As the prospective short-circuit currents also become smaller with increasing distance from the supply point due to line damping, a so-called natural selectivity can be created via the current magnitude.
This means that the maximum short-circuit current with a short-circuit on the load-side of the switch 2 (Figure 2) is below the trip value of the magnetic release of switch 1.
The short-circuit currents must be known at the installation sites of the switches. Selectivity is usually not assured with short-circuit currents above the response value of the magnetic release of the upstream circuit breaker.
b = Overload release
s = Short-circuit release
When assessing the current selectivity the tolerance of the short-circuit trigger (+/-20 % in accordance with IEC 60947-2) should be taken into account.
If current selectivity between circuit breakers is not possible, selectivity must be achieved by cascading of the trip times, i.e. the upstream circuit breaker operates with a short delay to give the downstream circuit breaker time to clear the short-circuit.
If the short-circuit occurs between the two switches, then it will continue during the short trip delay time of the switch 1 and after lapse of this time it will be switched off by the latter (Figure 3).
b = Overload release
s = Short-circuit release (switch 1 with short-time delay; utilization category B)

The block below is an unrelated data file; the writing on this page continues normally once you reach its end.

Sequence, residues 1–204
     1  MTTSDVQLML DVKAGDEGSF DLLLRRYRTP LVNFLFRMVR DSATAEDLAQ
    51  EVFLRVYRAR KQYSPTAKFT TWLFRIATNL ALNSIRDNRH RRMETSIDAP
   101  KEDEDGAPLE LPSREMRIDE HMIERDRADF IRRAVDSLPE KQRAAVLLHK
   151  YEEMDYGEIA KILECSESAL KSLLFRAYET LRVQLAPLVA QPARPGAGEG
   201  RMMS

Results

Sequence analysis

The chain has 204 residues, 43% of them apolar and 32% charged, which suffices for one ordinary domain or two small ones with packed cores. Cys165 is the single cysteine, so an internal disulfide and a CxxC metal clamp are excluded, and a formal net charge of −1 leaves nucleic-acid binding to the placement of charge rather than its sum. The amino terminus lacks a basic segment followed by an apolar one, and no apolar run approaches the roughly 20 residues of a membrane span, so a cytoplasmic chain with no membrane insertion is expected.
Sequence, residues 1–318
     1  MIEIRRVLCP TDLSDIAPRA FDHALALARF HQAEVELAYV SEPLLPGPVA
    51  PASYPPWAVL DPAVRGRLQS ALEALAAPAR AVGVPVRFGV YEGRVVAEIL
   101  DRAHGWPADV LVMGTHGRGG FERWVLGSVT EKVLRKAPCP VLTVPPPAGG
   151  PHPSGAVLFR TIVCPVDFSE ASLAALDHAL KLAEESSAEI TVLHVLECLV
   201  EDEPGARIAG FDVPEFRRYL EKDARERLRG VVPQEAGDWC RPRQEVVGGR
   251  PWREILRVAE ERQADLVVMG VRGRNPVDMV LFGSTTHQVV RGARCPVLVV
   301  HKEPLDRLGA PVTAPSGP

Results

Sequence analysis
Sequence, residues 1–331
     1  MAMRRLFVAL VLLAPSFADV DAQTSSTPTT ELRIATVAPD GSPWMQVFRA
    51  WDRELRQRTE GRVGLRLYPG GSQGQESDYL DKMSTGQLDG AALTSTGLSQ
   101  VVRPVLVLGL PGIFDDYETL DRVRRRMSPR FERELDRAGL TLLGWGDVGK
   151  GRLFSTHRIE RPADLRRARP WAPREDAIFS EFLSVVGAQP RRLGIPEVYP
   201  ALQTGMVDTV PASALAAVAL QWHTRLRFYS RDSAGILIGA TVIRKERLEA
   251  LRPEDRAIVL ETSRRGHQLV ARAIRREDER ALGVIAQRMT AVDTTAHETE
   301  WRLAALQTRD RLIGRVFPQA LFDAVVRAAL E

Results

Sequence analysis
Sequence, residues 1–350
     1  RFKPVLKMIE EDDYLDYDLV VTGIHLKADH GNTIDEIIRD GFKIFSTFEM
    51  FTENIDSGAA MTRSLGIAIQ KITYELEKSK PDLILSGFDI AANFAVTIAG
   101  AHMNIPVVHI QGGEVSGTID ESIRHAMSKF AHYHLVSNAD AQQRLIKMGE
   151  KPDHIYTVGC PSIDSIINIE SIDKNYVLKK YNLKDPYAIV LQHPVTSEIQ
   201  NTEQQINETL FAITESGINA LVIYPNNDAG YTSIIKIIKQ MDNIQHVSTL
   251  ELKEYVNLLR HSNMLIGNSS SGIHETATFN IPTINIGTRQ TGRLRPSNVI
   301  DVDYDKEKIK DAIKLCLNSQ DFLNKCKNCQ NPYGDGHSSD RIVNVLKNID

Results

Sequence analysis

The cascading of trip times requires that Switch 1 is capable of carrying the short-circuit current during the trip delay time. This is the case when using circuit breakers of utilization category B.
The critical variable is the rated short-time current Icw that determines the magnitude of the permissible short-time current during a defined period. It is usually stated as the 1s – current and can be converted for other times with I2t = const.
Selectivity between fuse and downstream circuit breaker
1 = Circuit breaker
2 = Fuse
In the overload range selectivity is given, if the trip characteristic of the overload release lies under the characteristic curve of the fuse (considering the tolerance band). In the short-circuit range selectivity is given to the extent that the total breaking time (including clearing time) of the circuit breaker is below the melting characteristic of the fuse.
Selectivity between a circuit breaker and downstream fuse
1 = Circuit breaker
2 = Fuse
Selectivity in the tripping range of the short-circuit release of the circuit breaker is given when the cut-off current of the fuse is smaller than its trip value.
Selectivity and undervoltage
In a short-circuit the supply voltage breaks down at the short-circuit location. The size of the residual voltage depends on the impedance of the fault. If an electric arc is produced, the voltage is appr. 30 V to 70 V.
All connected electrical consumers are affected by the voltage drop and the closer they are to the fault location the greater is this effect. Devices such as contactors or undervoltage releases of circuit breakers may trip depending on the amount and duration of the voltage drop.
In order to guarantee operational continuity, suitable off-delays or remaking equipment should be provided. When short-circuits are broken by current limiting circuit breakers, voltage break-downs are so short that no disruptions should be expected.
Resource: Allen Bradley – Low Voltage Switchgear and Controlgear